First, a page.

Lending Money to Family & Friends: Basic Rules

By on January 24th, 2018

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Up to $89 billion each year Americans borrow from friends and family, according to the Federal Reserve Board Survey of Consumer Finances. As the national survey by Fundable states “38% of the small startup businesses are launched with the help of the “family-friends” loans.” Yes, borrowing from friends and family is extremely convenient and popular.

Still, there are basic rules to follow when lending to or borrowing from the loved ones. Keep on reading to know how to stop financial issues from destroying your relationships!

The Golden Rule

Borrowing from family and friends is convenient: often we get the needed amount in full with a low (or even 0%) interest. Unfortunately, it’s harder to find conscientious borrowers among friends. Therefore, this way of borrowing might ruin the relationship. Do you know that money issue is the reason why couples argue and an excuse for 22% of divorces?

In this case, making a loan agreement or a so-called promissory note makes a huge sense. The document states the loan requirements and the borrower’s obligations. If the borrower doesn’t carry out duties, the lender can take measures: charge fees or increase the interest, for instance.

The loan agreement is a working measure for lenders: the borrower might not pay off the debt but he will be punished.

What Should the Right Loan Agreement Contain?

An effective loan agreement should contain:

  • The principle – borrowed amount.
  • Interest rate.
  • Regular payments (installments) – how much and how often to pay.

The next important part of the loan agreement states what will happen if the borrower doesn’t pay:

  1. Increasing the cost of the loan.
  2. Taking collateral.
  3. Changing the loan terms.
  4. Applying to the legal institutions.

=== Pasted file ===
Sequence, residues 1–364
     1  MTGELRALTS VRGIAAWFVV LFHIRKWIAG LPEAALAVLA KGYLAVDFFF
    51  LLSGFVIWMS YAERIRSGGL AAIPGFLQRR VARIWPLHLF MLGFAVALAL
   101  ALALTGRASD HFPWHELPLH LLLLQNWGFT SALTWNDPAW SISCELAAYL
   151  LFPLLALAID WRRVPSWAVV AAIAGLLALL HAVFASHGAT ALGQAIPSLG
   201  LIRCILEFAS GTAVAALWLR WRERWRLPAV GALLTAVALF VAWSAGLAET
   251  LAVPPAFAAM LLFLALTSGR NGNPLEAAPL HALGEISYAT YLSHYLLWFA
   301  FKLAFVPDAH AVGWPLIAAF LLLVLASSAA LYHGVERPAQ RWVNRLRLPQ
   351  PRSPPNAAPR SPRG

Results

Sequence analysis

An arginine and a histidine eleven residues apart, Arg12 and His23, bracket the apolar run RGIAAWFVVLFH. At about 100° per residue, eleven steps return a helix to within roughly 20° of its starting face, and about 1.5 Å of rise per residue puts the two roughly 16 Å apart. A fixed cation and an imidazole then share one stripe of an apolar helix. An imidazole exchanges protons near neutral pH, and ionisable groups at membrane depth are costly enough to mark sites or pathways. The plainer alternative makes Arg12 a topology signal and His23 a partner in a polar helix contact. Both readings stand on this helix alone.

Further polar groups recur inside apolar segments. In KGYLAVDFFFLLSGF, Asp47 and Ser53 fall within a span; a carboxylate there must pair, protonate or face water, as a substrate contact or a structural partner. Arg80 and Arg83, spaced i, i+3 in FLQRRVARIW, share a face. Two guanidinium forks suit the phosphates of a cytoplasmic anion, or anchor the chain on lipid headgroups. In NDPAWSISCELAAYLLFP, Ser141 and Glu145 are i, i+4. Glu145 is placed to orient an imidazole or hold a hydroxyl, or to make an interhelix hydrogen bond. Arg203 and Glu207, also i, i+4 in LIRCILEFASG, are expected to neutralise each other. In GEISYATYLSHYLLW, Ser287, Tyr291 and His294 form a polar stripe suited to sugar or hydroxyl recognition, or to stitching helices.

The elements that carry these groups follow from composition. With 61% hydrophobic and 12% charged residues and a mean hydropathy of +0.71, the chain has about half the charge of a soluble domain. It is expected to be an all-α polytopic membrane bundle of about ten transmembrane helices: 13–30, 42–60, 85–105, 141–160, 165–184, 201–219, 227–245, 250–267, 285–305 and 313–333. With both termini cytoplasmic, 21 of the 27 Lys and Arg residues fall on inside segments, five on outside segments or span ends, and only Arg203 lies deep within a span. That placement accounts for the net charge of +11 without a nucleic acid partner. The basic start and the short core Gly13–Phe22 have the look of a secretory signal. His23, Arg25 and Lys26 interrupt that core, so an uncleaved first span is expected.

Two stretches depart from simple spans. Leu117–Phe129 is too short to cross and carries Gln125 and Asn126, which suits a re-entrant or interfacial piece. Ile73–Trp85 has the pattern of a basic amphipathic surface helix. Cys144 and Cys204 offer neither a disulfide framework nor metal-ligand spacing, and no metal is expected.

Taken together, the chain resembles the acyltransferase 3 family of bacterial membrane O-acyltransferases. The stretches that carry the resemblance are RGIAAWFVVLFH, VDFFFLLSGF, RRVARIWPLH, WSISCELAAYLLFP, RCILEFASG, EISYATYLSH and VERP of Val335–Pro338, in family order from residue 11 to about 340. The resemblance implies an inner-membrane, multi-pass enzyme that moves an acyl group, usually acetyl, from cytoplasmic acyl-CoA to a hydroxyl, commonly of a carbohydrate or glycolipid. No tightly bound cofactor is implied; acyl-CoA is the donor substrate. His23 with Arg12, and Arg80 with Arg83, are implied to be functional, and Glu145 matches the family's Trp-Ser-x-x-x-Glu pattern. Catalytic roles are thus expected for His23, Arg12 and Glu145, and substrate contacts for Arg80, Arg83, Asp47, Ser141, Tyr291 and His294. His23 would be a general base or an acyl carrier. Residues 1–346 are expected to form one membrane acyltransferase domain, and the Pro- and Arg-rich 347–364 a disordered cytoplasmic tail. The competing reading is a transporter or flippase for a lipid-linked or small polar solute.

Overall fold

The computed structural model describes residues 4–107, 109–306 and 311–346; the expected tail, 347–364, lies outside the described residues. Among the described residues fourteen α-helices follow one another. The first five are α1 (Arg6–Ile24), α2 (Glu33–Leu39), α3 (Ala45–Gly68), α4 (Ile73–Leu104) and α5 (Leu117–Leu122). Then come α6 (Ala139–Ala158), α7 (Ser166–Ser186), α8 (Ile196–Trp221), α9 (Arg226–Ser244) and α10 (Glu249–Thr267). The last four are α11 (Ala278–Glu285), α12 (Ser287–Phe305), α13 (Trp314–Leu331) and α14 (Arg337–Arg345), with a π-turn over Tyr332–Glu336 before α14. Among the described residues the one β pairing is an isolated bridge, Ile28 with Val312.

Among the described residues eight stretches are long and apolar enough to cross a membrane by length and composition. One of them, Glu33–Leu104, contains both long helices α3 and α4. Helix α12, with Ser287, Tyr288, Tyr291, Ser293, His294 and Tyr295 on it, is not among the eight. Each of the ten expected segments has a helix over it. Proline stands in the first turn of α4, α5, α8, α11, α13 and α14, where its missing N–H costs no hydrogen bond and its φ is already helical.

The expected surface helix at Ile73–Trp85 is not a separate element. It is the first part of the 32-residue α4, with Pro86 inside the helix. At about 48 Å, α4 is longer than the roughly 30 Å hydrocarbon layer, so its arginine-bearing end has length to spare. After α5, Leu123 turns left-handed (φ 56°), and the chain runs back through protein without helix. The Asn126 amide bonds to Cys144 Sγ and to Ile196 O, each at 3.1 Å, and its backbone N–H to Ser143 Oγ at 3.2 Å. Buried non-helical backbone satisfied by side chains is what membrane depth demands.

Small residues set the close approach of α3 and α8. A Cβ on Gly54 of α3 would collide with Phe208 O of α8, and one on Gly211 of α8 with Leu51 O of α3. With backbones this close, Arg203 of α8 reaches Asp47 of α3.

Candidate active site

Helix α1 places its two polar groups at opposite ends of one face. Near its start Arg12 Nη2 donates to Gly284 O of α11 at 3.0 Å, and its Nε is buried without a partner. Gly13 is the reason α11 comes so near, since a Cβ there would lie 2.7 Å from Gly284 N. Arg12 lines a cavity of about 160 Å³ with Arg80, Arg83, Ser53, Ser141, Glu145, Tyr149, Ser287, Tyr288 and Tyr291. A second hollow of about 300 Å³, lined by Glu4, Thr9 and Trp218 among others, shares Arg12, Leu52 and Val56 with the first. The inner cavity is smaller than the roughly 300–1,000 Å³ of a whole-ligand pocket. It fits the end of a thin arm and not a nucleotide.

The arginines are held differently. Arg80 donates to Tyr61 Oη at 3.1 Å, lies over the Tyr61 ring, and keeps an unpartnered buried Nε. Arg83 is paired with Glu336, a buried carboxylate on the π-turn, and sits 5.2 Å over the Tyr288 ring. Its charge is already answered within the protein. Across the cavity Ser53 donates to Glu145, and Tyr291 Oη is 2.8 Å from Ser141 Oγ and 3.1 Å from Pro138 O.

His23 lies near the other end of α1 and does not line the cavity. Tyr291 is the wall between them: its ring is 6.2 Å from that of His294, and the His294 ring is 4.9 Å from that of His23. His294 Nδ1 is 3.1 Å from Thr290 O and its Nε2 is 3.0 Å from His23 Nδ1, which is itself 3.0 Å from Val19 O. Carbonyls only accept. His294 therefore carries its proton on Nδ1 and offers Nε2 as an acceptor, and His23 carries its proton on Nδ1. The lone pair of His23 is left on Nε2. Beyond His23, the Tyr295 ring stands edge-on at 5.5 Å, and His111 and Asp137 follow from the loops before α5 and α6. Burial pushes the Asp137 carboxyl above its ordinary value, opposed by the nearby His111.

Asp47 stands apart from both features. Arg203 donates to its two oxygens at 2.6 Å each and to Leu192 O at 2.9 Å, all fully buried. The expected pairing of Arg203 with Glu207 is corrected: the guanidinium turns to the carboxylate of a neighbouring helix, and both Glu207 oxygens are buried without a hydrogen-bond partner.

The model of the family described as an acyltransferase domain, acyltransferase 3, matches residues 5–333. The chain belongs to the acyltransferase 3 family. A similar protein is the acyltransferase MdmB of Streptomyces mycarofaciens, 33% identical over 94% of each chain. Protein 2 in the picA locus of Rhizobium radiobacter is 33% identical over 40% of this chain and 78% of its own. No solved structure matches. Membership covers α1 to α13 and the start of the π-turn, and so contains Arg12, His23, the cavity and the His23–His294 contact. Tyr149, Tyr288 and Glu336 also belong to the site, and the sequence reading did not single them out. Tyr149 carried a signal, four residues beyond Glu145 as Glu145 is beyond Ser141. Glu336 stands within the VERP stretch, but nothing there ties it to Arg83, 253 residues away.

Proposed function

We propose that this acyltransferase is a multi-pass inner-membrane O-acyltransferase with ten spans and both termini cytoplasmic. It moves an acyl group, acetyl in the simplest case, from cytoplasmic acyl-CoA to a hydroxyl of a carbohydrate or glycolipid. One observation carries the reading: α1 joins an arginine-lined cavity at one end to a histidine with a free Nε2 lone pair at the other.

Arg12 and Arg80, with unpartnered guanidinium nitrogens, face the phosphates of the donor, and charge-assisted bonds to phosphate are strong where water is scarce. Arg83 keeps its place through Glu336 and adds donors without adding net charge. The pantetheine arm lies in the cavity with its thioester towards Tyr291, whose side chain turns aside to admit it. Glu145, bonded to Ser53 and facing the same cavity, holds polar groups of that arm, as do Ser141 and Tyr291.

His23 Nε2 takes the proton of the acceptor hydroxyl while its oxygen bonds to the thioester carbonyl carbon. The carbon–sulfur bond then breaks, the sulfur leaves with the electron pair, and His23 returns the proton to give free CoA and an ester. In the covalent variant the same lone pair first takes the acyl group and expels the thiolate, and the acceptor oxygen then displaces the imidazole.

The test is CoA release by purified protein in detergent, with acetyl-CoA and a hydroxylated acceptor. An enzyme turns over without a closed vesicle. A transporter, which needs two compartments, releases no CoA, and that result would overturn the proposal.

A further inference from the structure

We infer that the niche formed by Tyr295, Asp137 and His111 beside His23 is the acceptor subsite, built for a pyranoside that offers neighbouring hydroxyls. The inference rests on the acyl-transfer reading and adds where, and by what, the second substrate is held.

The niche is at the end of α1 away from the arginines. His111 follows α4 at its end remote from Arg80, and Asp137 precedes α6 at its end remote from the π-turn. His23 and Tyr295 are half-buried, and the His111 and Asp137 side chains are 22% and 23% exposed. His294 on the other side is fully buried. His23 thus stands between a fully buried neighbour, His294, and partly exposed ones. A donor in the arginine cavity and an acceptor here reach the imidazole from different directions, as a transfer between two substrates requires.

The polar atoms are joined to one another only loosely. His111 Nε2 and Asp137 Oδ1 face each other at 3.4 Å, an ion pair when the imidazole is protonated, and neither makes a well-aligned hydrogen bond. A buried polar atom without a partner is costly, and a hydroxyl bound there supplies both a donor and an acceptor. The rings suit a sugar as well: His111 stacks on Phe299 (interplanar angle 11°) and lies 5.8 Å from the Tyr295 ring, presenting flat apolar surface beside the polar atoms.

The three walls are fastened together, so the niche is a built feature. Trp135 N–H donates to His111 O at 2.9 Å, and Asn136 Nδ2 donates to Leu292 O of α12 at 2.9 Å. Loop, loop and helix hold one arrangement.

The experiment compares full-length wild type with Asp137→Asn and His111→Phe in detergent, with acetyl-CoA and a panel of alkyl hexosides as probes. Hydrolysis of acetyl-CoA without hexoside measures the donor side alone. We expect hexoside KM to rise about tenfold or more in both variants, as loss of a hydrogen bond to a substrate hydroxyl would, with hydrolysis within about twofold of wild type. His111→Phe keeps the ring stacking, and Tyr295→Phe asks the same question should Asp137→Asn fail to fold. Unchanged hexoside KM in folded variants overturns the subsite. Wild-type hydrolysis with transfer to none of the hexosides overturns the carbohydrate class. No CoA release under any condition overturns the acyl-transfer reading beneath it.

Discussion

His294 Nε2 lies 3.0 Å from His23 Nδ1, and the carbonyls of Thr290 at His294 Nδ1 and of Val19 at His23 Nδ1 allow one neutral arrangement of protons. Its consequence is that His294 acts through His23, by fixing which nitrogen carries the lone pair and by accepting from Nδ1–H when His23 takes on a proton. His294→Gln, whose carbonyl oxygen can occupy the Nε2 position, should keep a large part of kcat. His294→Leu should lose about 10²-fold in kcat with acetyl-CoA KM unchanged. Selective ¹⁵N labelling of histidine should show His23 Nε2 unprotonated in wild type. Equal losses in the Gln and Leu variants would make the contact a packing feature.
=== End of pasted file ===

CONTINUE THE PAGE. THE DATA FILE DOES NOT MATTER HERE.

If you don’t know how to write a loan agreement, you should find the template on the Internet. Here you will find a couple of the most appropriate loan agreement templates.

What are Measures if the Borrower Defaults?

If the borrower can’t pay off the debt or refuses to pay it, the lender can apply to the legal actions. He can turn with the small claim in court, get a judgment and let the collectors purchase your loan. Collection activities on the loan include wage garnishment, property liens, etc. If you can’t negotiate with your friend or relative, you can ask a lawyer to negotiate about a debt settlement agreement or a debt consolidation loan.

Still, it’s better to negotiate with a lender before he decides to write a small claim.

What Should a Lender Do?

If you are a lender, you should weight all the dangers and probable outcomes of the situation. If your approach is quite responsible, you should:

  1. Ask your potential borrower for a “plan”. You should understand what the borrower needs money for, how much and how often he will pay and what to do if he defaults.
  2. Ask about the financial situation of the borrower and help him create a new budget that includes monthly payments to you.
  3. Define the possible loan terms that will satisfy both sides.
  4. Complete the document that will contain all the terms written.
  5. Try to discern friendship and financial help. Just because you are a lender, doesn’t mean that you can take part in the business (unless it doesn’t define in terms).
  6. Make sure that the borrower understands that it’s a loan, not a gift.

Actually, you can find out how lenders decide whether to give you a loan or not, so it might be useful to steal a page from their book.

IRS has already defined the term “family loan”. According to its definition, the family loan isn’t a gift. If the loan term is less than 3 years, the interest rate should make up 0.38%. If the loan term is from 3 to 9 years, then the interest rate should be as high as 1.85%. If the loan has no interest, this is considered a gift and contains gift taxes.

Furthermore, you should insist on issuing or providing legal documents. A home loan should go along with the deed of trust and record it with the county. The promissory note is the next important document along with the amortization table where you write a principle and all regular payments. Every borrower should also fill in IRS forms 1098 and 1099 that state the interest rate paid and got and the amount on their tax return.

Unfortunately, the rate of people returning money to family and friends is far from 100%. According to the survey by CNN Money in 2009, 43% of family loans weren’t paid in full.

Therefore, you should always start with looking for such alternatives as a mortgage for purchasing a home or loans from SBA for launching a business. If any of the possible options works, then you can ask your friends and family but don’t forget to make a loan agreement.

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